Two people, including a child, died when fighters attacked the Afghan parliament building in Kabul, injuring dozens of civilians and forcing lawmakers to evacuate amid gunfire and explosions.
The Taliban claimed responsibility only minutes after the attack on Monday, which unfolded after a suicide car bomber blew themselves up outside the parliament gates and six other attackers tried to storm the building.
When parliament guards pushed the attackers back, the insurgents retreated to an empty building under construction, from where they fired rocket-propelled grenades and machine guns at the parliament, said police spokesman Abdurrahman Rahimi.
Police said two civilians, a woman and a child, were killed in the attack, which left a thick plume of smoke hanging over the parliament complex and tore a huge crater in an adjoining street.
At the time of the attack, lawmakers were gathered to vote on the nomination of a new defence minister. Taliban spokesman, Zabiullah Mujahed, told the Guardian that the insurgents picked the time and location of the attack because of the presence of many high-level officials.
Mohammad Aref Rahmani, a parliamentarian in the building at the time, said the blast could be felt inside and parts of the ceiling fell down.
“There was dust all over the room. After that, we heard explosions from RPGs and lighter weapons, like Kalashnikovs and machine guns,” he said.
Fawzia Koofi, another lawmaker, said the security forces were slow to respond.
“We went to the basement but we didn’t see any security forces. We went to the basement ourselves,” she said. After 30 minutes, she and other parliamentarians were able to get inside their armoured vehicles to drive to safety.
“The enemies of would like to harm our democracy. We are not armed people, we are just talking,” Koofi said.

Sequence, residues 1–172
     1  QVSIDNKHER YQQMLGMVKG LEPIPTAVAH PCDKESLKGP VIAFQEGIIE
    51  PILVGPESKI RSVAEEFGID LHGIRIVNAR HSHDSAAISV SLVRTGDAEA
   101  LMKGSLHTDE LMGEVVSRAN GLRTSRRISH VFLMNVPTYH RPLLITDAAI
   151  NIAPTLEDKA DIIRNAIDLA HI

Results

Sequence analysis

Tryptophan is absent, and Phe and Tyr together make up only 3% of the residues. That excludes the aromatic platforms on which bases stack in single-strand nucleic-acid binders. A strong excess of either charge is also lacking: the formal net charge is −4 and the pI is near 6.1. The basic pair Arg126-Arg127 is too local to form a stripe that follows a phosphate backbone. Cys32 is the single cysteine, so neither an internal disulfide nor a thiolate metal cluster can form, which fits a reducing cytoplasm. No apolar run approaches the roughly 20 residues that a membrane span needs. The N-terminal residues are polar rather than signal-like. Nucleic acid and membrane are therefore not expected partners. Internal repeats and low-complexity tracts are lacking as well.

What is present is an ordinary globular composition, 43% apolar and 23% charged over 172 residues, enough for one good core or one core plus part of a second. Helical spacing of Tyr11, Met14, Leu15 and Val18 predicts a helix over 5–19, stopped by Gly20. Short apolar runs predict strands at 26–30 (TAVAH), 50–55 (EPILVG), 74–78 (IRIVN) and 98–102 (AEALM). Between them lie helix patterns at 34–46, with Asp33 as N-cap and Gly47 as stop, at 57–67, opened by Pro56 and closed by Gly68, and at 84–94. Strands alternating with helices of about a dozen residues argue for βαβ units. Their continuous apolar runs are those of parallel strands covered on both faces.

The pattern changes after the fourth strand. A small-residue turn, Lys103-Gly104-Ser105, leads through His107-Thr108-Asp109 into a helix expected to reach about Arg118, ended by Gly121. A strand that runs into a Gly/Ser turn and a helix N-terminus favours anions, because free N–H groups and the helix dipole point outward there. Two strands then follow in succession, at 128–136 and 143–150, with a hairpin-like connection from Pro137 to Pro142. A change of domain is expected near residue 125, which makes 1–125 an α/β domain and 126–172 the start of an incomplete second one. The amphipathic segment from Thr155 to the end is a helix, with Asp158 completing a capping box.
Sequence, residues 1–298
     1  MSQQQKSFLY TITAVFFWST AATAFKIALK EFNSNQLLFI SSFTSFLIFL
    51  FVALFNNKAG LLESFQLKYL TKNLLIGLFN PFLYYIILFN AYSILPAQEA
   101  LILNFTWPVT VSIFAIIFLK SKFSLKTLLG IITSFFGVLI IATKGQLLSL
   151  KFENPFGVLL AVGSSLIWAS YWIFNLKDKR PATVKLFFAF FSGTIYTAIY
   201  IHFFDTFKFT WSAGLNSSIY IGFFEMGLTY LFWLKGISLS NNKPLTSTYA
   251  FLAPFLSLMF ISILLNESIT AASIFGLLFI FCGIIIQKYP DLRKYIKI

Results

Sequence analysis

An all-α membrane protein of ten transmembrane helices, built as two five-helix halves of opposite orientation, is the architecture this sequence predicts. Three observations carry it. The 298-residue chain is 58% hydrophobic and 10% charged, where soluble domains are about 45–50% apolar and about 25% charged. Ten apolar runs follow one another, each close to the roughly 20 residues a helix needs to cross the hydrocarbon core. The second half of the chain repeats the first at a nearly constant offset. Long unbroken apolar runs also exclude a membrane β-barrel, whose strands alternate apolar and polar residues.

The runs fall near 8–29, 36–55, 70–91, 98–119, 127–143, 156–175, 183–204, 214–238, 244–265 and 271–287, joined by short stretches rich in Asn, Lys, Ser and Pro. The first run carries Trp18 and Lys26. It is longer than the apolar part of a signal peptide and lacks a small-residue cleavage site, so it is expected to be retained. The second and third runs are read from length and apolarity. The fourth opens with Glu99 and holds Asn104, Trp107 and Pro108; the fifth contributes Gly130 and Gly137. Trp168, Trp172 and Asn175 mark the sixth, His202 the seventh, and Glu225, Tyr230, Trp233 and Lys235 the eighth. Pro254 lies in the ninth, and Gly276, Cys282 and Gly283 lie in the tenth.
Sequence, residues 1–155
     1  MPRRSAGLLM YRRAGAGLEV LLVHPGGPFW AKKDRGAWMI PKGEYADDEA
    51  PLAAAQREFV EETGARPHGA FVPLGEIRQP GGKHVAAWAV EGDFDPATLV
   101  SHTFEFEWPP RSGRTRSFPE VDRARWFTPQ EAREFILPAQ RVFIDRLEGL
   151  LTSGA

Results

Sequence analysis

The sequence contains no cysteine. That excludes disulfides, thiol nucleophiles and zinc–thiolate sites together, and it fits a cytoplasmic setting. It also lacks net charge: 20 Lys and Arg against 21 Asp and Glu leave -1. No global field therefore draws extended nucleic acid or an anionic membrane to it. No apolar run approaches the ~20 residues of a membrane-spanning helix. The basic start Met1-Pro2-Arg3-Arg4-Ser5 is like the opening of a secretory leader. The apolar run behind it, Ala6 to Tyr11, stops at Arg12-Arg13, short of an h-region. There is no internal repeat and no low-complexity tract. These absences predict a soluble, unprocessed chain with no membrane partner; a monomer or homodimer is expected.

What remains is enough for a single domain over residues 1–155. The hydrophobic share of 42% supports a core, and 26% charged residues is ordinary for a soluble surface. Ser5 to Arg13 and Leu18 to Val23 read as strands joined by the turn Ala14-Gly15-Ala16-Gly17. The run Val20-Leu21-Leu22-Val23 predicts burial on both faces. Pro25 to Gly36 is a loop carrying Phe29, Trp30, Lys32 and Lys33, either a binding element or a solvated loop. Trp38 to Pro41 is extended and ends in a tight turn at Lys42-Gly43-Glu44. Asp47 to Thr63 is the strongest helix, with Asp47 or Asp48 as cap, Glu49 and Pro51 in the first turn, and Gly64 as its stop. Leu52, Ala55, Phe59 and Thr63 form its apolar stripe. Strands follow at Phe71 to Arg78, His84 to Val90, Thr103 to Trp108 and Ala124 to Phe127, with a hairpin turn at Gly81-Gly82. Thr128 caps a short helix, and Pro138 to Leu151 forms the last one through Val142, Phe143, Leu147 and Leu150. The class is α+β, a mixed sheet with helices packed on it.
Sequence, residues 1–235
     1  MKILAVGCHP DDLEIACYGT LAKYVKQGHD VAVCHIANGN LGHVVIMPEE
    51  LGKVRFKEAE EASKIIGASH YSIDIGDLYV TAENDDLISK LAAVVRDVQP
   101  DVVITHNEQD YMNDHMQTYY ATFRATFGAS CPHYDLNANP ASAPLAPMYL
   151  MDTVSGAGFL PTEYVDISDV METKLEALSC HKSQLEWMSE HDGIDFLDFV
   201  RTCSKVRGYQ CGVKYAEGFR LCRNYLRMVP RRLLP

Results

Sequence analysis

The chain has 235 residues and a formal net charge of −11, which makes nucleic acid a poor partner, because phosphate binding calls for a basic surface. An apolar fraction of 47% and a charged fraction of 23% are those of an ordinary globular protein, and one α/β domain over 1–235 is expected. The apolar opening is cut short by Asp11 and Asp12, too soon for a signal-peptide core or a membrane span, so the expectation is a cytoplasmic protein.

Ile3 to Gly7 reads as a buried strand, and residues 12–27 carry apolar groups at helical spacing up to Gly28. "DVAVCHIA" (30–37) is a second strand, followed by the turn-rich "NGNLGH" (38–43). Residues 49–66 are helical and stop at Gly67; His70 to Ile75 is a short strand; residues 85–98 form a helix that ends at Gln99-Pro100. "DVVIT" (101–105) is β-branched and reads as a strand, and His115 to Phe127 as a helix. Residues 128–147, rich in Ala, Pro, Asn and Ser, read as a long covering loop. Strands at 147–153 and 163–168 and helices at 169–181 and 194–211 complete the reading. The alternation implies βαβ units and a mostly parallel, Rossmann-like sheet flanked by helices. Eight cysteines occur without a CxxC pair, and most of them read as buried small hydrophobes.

Kabir Amiri, a spokesman for Kabul hospitals, told the Guardian that 31 civilians had been injured in the attack.
The attack follows recent incidents which have rattled the Afghan capital. On 14 May, gunmen .
Two weeks later, on 26 May, , housing dozens of foreign contractors, but luckily this time there were no fatalities.
The parliament attack is also a sign of division within the insurgency. Some leaders seem open to reconciliation but others are less convinced that opting for a role in the established political system is the way to go.
While recent attacks intensify on the ground in Afghanistan, Taliban leaders based in Qatar have been meeting informally with people close to the Afghan government, including female lawmakers, in attempts to restart peace talks.
The Pakistani government condemned the attack, saying in a statement that it commended the Afghan security forces. “We stand with our Afghan brothers in our common struggle against terrorism,” the statement said.
The insurgents, who rejected a proposal from clerics to impose a ceasefire during the fasting month of Ramadan, have been emboldened by last year’s withdrawal of foreign troops, and by the prolonged deadlock in the new government, which has been unable to appoint people for many key security positions.
Over the weekend, in the north of the country, Taliban forces took control of Chardara district in Kunduz province, which has borne the brunt of the Taliban’s annual fighting season.
Speaker hailed for calm reaction
In the aftermath of the attack, the Afghan parliament’s speaker, Abdul Rauf Ibrahimi, has emerged as something of a hero. Video recordings show Ibrahimi remaining exceptionally calm, as dust from the explosions and gunfire rises around him, and lawmakers scatter for safety.
Ibrahimi, who was speaking to parliamentarians gathered to vote on the government’s nomination for a new defence minister, initially attempted to continue his speech before being led away by security personnel.
He was about to introduce the second vice president and defence minister nominee Mohammad Masoom Stanekzai, when the attack occurred. The speaker proceeded to calmly escort lawmakers out of the building, causing users on social media to hail his courage.